On July 21, the Wadi Zem First Instance Court sentenced Said Amara, head of the Wadi Zem AMDH branch, to seven months in prison (of which four months were a suspended sentence) and a 6,000 Dirham (US$545) fine for “insulting an employee in the course of his duty,” in reference to an alleged altercation between him and a police commander in Wadi Zem. According to AMDH, the court did not permit testimonies by witnesses summoned by the defense. Amara was released on September 7.
The same court sentenced blogger Fatima Karim on August 15 to two years in prison for allegedly publicly insulting Islam through posts on her Facebook page.
A court in Rabat in January 2021 sentenced in absentia Maati Monjib, a historian and free speech activist, together with six co-defendants, to one year in prison for “receiving funds from a foreign organization in order to undermine Morocco’s internal security,” for a complaint brought against him in 2015. At the time of his conviction, he was being held in pretrial detention on separate embezzlement charges, but authorities did not transfer him to the court session where his other case was being heard. As of September 26, both cases remained ongoing. In 2021 authorities imposed a travel ban and an asset freeze on him.
The al-Hoceima Appeals Court on June 16 upheld a four-year prison sentence imposed by the al-Hoceima Court of First Instance against social media commentator Rabie al-Ablaq for disrespecting the king. The court doubled the fine imposed by the lower court from 20,000 to 40,000 Dirhams (around US$3,640). The allegations against al-Ablaq, who was active in the social justice street protest movement Hirak in Morocco’s Rif region, were based on two videos posted on Facebook and YouTube in which al-Ablaq addressed the king in a casual tone and contrasted his personal wealth to Morocco’s widespread poverty.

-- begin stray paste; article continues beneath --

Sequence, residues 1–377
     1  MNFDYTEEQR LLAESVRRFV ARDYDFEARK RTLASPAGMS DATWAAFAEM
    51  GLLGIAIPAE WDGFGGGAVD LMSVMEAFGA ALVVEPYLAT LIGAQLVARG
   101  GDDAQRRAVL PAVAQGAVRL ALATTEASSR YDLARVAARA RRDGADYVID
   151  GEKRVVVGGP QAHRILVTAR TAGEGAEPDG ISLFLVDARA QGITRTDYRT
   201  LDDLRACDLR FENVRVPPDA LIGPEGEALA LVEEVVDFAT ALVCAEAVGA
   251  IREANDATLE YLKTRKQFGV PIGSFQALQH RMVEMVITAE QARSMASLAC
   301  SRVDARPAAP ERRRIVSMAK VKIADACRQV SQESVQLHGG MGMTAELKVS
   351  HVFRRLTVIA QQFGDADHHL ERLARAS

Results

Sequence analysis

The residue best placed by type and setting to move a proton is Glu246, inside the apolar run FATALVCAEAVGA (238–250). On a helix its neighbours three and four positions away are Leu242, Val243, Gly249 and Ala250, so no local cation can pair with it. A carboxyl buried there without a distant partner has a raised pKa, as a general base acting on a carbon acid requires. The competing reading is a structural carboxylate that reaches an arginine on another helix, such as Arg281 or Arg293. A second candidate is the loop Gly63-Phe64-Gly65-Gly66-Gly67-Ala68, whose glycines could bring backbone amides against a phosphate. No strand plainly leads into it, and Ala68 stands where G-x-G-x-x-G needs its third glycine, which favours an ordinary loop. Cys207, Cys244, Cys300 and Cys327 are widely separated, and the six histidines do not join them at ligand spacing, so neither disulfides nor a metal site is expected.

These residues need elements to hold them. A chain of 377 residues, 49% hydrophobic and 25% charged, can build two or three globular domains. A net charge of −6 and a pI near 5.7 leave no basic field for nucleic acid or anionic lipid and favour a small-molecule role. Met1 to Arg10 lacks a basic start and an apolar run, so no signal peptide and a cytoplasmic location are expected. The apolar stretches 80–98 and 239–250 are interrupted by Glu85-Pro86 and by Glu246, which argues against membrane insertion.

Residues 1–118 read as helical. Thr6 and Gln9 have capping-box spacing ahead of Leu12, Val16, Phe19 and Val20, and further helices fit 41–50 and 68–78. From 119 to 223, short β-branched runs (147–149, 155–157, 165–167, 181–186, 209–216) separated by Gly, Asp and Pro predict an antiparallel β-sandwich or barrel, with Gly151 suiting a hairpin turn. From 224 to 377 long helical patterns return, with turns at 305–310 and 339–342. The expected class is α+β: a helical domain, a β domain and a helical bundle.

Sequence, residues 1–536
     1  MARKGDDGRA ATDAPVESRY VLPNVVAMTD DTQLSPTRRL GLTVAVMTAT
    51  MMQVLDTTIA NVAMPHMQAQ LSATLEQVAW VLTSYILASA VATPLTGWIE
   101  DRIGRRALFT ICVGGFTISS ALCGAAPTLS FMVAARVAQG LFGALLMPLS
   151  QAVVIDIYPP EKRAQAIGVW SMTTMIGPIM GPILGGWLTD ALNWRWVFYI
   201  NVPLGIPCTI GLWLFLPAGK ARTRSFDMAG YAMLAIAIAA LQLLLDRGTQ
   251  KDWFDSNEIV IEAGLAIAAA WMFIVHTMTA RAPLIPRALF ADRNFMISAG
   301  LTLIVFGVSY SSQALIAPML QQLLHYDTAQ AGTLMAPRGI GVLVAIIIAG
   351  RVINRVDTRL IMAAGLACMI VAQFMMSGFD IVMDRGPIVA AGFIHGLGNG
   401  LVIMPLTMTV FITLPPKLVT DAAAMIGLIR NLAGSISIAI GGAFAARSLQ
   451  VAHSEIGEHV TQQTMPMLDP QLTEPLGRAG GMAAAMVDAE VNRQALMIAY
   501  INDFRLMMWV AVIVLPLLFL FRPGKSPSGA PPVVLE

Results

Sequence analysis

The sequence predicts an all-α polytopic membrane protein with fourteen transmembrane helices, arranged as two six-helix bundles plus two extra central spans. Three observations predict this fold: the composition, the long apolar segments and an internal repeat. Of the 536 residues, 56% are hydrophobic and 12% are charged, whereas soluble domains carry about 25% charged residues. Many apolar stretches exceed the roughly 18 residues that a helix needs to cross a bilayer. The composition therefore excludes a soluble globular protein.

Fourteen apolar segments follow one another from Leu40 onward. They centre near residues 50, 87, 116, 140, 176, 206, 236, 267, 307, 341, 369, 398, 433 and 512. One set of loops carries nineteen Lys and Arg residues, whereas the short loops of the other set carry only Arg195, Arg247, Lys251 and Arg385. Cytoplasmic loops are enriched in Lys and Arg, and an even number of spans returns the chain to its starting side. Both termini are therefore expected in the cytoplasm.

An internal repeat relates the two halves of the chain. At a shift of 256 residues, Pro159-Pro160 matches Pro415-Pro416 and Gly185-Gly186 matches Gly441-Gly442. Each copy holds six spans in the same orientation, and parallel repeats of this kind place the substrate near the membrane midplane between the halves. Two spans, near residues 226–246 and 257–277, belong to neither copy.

A Rabat court of first instance in February sentenced Mohamed Ziane, a lawyer and former minister, to three years in prison on charges including offending officials and institutions, defamation, and “spreading false information about a woman because of her gender.” Other charges included “participation in adultery,” “sexual harassment,” and “participation in misbehavior destined to provide a bad example to children.” Ziane appealed the decision and remained provisionally free. On November 21, Ziane was imprisoned after an appeals court upheld the first instance verdict.
Ziane has been targeted by authorities since 2017, when he publicly criticized statements and decisions on security matters by the government during the Hirak protests, and when he took on as lead lawyer the case of Hirak top leader Nasser Zefzafi, who was prosecuted alongside 52 other protest leaders for “harming the state’s internal security” and “rebellion.”